Volunteers to join ClimateWatch nature trail in the Sydney Botanic Gardens
3 November 2011
Visitors to the Royal Botanic Garden Sydney can now become
'citizen scientists' with the first ClimateWatch
Trail in an Australian
Despite the threat of
climate change, Australia has no system for recording climate data on a
national scale. ClimateWatch will inspire the community to gather vast amounts
of data scientists need to address the impacts of climate change.
"ClimateWatch empowers every Australian to become a
citizen scientist, by collecting and recording data that will help shape the
country’s scientific response to climate change," said the Director of
Science and Public Programs at the Gardens Dr Brett Summerell who is also a
member of the National ClimateWatch Science Advisory Panel.
The trail around the Garden, created by the Volunteer Guides
in collaboration with EarthwatchAustralia, can be downloaded from climatewatch.org.au.
Dr Summerell said there is also opportunity for free (?) hands-on training at
"Volunteer Guides will be conducting regular
ClimateWatch walks in the coming months, starting this Thursday (25
November). They will show visitors how
to record plant and animal species that they see on the trail and then upload
the data onto the national ClimateWatch website managed by EarthwatchAustralia."
“Visitors can then in their
own time use their training to observe species from their own backyard, local
park or bushland and record information online at www.climatewatch.org.au,” Dr Summerell said.
Andy Donnelly, Earthwatch
Science Director says, “We're looking for those subtle shifts in the timing of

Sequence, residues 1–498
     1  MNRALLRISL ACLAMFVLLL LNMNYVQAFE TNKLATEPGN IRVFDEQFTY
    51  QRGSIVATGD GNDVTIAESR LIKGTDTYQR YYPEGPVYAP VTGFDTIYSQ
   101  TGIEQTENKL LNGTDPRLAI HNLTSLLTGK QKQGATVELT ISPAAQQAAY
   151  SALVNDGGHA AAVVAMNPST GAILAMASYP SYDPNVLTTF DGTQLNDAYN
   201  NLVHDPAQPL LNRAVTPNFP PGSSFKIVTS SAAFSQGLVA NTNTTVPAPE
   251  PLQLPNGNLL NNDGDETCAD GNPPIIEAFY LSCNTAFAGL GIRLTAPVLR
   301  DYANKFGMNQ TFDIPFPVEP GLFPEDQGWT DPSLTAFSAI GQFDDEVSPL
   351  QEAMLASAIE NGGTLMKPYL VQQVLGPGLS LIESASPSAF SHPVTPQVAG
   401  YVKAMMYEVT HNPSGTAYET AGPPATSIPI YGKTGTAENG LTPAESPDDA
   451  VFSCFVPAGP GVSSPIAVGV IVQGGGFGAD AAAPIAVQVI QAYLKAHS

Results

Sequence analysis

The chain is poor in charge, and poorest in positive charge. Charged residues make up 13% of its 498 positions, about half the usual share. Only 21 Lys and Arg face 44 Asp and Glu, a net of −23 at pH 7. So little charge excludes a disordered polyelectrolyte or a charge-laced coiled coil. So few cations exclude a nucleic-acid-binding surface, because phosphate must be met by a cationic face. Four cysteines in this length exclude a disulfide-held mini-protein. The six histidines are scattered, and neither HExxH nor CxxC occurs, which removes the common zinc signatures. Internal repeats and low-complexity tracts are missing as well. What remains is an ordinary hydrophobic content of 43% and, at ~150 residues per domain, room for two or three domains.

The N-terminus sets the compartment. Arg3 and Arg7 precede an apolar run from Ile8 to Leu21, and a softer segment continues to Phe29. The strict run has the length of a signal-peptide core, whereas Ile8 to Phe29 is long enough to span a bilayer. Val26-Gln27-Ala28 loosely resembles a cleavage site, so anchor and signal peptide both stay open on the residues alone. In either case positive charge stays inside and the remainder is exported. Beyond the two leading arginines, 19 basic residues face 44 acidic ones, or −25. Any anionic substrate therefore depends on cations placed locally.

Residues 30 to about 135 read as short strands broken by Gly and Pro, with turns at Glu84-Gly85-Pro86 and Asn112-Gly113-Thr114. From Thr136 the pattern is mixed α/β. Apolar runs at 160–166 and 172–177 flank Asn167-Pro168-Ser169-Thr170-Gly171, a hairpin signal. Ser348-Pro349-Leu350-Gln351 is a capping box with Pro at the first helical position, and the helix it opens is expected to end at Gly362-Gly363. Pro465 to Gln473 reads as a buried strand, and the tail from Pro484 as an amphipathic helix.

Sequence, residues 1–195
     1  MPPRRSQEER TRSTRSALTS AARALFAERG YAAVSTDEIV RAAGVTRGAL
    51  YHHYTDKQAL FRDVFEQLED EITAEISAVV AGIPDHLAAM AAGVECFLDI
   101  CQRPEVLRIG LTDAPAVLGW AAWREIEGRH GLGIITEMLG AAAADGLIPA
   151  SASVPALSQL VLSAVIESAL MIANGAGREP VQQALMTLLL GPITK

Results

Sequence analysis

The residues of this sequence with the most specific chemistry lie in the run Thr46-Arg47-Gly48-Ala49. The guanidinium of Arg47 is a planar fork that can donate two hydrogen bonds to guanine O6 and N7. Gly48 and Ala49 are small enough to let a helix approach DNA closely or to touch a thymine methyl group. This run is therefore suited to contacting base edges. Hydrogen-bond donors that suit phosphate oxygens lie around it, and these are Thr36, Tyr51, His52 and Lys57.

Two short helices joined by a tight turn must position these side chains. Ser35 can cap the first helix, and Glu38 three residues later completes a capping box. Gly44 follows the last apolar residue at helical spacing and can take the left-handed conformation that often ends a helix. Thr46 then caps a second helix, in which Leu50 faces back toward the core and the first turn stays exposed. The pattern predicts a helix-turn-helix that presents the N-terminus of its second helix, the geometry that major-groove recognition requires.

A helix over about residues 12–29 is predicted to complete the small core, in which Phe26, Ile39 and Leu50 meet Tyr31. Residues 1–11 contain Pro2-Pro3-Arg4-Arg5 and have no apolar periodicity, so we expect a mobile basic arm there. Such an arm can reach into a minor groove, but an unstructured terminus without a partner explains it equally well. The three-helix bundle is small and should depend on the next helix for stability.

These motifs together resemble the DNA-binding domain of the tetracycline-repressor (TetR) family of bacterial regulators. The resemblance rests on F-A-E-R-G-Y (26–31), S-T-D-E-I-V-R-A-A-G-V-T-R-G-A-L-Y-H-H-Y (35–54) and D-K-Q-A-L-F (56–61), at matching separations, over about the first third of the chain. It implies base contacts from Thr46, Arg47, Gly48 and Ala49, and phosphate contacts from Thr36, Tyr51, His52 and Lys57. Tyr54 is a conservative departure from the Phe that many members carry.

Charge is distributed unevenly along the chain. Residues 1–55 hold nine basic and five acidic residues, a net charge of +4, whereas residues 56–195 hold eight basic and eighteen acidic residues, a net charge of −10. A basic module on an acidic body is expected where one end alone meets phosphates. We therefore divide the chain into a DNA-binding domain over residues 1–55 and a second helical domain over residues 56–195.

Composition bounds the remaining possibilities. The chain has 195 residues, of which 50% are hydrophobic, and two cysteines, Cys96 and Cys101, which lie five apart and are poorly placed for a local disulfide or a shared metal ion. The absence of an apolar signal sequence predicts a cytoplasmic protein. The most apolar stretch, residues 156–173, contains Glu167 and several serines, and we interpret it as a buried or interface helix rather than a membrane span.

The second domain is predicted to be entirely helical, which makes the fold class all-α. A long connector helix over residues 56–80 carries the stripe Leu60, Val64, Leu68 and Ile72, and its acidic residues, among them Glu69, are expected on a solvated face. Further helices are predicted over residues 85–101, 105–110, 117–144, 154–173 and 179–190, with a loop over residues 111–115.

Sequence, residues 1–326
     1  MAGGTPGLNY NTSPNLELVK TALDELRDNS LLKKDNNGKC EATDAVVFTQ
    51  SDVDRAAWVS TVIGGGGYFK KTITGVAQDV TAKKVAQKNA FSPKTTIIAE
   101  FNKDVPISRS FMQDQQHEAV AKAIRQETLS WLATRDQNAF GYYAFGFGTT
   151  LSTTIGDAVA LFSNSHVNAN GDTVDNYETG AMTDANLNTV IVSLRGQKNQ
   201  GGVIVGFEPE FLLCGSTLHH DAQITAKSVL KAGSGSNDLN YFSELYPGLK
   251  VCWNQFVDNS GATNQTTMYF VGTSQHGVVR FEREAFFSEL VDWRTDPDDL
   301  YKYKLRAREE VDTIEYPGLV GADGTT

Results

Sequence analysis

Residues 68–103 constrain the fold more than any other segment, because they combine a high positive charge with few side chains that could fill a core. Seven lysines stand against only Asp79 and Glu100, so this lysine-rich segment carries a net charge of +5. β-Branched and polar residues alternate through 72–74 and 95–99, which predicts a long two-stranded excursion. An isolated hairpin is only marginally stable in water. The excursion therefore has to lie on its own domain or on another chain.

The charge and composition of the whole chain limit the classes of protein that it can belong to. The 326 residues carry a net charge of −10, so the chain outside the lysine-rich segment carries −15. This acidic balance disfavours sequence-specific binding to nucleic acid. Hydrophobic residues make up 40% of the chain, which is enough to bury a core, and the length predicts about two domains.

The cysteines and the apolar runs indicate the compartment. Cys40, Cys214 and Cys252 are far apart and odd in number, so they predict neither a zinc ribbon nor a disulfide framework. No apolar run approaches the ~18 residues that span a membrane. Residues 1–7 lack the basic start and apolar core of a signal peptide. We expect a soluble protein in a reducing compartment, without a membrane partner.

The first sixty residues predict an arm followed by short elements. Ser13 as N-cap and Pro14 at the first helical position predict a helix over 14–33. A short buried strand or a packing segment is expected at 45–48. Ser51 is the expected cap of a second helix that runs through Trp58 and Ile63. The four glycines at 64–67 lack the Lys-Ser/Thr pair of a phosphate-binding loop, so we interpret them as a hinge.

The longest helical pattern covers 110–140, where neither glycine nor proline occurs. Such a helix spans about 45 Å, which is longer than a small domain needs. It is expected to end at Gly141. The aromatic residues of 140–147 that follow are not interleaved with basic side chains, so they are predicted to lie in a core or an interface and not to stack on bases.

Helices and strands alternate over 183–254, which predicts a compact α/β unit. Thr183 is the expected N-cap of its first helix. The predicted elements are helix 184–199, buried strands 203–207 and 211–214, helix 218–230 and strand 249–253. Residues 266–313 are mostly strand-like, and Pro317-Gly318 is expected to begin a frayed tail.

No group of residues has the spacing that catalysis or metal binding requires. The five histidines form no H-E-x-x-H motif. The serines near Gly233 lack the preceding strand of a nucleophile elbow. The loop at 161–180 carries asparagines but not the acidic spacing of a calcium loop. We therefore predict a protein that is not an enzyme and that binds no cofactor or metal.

natural cycles across the country such as the falling of leaves or the
migration of birds.
“There are lots of things that bushwalkers
and birdwatchers notice in nature that never get recorded, so we are
encouraging everyone to take part."
Head Guide Jim Nicol said the ClimateWatch Trail was a
natural extension of the Volunteer Guides’ role observing, documenting and
sharing the life of the Garden.
“The Volunteer Guides are thrilled at this opportunity to
enlist our Garden visitors in the close observations that we find so
fulfilling. Once you are seeking out specific climate indicator species such as
the Firewheel Tree, Gymea Lily or the Fiddler Beetle to see what they are up
to, you really enter into the life of the place.” Mr Nicol said.
Dr Summerell paid tribute to the work of one of the founding
Volunteer Guides Dorothy Holland, now 90, who meticulously recorded the
flowering times of 6000 species of plants during the1980s.
“Dorothy’s work was
climate watch before ClimateWatch. It has given us important comparative data
from twenty-five years ago. It is a terrific contribution to the national
monitoring of our climate and a reminder that anyone can contribute to science
if they are willing to rigorously observe and record,” Dr Summerell said.
ClimateWatch Guided Walks
10 am, 25 November 2011
Where: Starts from the Information
Booth outside the Garden Shop (Palm Grove Centre), the Royal
Botanic Garden, Sydney.
For further information: 9231 8304
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Ph: 03 9682 6828
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